ONLY one of my many new year resolutions lives on in my daily life but this new practice recently brought the joy of an unexpected observation.
One of my pledges for 2022 was to swop the constant swiping on my phone for some happy daydreaming during those everyday moments spent waiting around. Whilst sitting in my car in one such situation last week, I found myself admiring a majestic Monterey Cyprus tree on the N71 outside Skibbereen. And, lo and behold, a small movement on the tree bark caught my eye and there was a reclusive little ‘tree mouse’ feeding away on its bark.
The treecreeper is a paradox in that it’s a common bird yet still remains unfamiliar to most Irish people, being widely distributed but rarely seen. However, once seen this reclusive little bird is easily recognised again as its particular behaviour is unique in Irish birds.
As its name suggests, the treecreeper lives and feeds mostly in trees. It creeps up the trunks and branches of both deciduous and evergreen trees to feed, probing crevices along the way for insects with its tweezer-sharp downwards-facing beak.
By swivelling its head with the beak in this position, it can reach deep into crannies to get to insects like earwigs. One fascinating study showed that treecreepers can fashion the length of their beaks to best suit the local requirements. So if you see one constantly rubbing its beak off the bark, it’s trying to wear it down to shorten its length rather than just cleaning it.
The treekeeper’s physique has adapted for its climbing lifestyle; the extra-strong shafts in its 12 tail-feathers are used as a prop – as in woodpeckers – enabling it to climb vertical tree trunks. However, this tail makes for an awkward hop on a heads-first decent, so the bird usually chooses to fly slowly down instead. Its claws are extraordinary; long and sharp, they help the bird to cling to the bark while an elongated fourth-toe gives it extra purchase on its steep climbs.
It’s a very small bird, about the size of its distant relative the wren. Weighing in at less that a 2 euro coin, its long tail and bill elongate it to give the appearance of a much more substantial bird.
The eyes of a treecreeper are large and protected by unusually prominent eyebrows for such a small slow-flying bird. The purpose and advantage of these eyebrows is not known but they give this otherwise benign-looking bird a somewhat grumpy expression.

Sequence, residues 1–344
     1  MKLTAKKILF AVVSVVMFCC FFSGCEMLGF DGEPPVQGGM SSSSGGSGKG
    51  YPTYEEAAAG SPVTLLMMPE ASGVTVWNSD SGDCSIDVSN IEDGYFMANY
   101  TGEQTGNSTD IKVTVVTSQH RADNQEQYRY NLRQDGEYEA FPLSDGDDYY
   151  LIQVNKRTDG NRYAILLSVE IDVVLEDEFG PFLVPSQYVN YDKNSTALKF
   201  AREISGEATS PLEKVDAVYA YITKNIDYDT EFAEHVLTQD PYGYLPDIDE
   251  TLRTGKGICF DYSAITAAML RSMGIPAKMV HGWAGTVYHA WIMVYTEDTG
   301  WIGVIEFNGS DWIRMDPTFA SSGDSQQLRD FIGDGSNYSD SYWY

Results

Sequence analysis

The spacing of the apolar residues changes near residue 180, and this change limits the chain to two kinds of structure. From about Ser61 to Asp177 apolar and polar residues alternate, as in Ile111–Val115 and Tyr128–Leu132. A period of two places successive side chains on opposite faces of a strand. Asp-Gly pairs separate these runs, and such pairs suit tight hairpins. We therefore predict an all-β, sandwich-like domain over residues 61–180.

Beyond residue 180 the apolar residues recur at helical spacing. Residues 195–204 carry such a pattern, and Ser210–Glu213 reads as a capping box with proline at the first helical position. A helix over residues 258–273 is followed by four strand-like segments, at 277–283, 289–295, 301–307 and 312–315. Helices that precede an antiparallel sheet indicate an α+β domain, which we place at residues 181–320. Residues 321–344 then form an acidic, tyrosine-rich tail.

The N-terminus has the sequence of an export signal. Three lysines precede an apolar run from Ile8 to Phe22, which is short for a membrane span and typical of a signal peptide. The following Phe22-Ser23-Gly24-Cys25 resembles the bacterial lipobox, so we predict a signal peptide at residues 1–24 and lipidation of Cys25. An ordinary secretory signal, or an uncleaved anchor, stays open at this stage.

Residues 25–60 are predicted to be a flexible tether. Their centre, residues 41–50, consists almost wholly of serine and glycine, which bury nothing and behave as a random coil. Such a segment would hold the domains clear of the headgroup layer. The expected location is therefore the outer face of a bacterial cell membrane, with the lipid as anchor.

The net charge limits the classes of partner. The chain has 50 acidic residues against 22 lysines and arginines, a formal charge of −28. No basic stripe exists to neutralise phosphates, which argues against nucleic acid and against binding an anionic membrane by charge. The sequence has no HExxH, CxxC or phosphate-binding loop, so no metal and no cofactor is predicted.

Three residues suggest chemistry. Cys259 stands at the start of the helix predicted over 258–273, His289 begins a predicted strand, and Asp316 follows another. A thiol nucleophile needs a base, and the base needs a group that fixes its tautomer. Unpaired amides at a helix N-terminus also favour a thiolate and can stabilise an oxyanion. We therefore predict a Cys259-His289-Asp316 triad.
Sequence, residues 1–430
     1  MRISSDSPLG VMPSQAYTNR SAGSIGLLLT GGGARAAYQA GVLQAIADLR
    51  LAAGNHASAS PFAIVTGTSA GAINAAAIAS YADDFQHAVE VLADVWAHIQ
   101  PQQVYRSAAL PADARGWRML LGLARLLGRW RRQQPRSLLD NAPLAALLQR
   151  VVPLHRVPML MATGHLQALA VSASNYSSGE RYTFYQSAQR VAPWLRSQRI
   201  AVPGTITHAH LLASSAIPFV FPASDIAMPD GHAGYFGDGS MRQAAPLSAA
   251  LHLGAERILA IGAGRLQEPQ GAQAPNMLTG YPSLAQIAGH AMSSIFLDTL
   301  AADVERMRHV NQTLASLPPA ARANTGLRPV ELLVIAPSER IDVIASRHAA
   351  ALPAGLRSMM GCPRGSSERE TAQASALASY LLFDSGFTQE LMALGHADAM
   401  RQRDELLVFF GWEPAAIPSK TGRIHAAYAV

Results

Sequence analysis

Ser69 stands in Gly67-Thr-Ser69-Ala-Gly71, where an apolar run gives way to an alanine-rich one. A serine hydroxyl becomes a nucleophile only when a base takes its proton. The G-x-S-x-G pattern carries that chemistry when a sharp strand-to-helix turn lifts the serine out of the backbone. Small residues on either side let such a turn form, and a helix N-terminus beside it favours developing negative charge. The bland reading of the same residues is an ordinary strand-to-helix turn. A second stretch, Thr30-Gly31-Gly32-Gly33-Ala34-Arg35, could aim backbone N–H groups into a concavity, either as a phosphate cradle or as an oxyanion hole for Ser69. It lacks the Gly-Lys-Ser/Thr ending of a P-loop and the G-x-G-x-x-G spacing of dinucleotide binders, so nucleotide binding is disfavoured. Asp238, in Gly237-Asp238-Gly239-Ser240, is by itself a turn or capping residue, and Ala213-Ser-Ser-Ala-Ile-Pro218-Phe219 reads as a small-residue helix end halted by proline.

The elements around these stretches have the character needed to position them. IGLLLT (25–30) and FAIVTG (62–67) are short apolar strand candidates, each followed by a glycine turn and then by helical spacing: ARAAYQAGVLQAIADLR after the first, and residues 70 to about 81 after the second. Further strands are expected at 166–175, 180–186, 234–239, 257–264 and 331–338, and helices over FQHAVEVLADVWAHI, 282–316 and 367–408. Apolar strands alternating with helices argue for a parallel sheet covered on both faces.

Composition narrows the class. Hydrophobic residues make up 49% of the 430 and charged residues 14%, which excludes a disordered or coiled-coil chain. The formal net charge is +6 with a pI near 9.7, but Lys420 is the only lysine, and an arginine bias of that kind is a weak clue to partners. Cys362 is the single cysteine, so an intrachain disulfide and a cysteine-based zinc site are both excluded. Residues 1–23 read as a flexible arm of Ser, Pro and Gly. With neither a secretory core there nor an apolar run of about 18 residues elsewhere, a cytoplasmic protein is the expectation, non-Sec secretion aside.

The treecreeper’s plumage is brown above with various darker and paler streaks, and off-white underparts. This white can appear very bright in good light or in dry weather, but can appear murky brown or green having been pressed against a damp tree trunk in wet weather.
Its colours blend perfectly with its habitat. Once disturbed, it will freeze and press its camouflaged body into the bark making it extremely hard to see, especially as it tends to swivel around the tree trunk as it climbs. This predilection gave it the honour of being referred to collectively as a spiral of treecreepers.
This little fluffy-looking character moves upwards on the tree in a jerky, furtive way in a similar way to that of a mouse on the ground. This style of movement gave rise to its common name of ‘tree mouse’ in parts of the UK. The name treecreeper only came into general use in the nineteenth century and replaced the older terms ‘creeper’ or ‘common creeper’. Its Irish name, snag, also owes its origins to words like creeping and crawling.
Treecreepers build their nests behind loose bark and in tree crevices, using pieces of grass and small roots, lining the interior with feathers, wool and bits of bark. The peak period for egg laying is late April and early May. Not many young are lost to predators from these well-protected nests. This might explain why, although they only raise a single brood of 5 or 6, they can maintain their population whereas tits needs clutches of twice that number to survive.
Piotr’s wonderful accompanying photograph really reveals the understated beauty of this shy bird. I feel honoured to have seen one yet again and so I’m resolutely daydreaming for the rest of 2022 in the hopes of more unexpected sightings.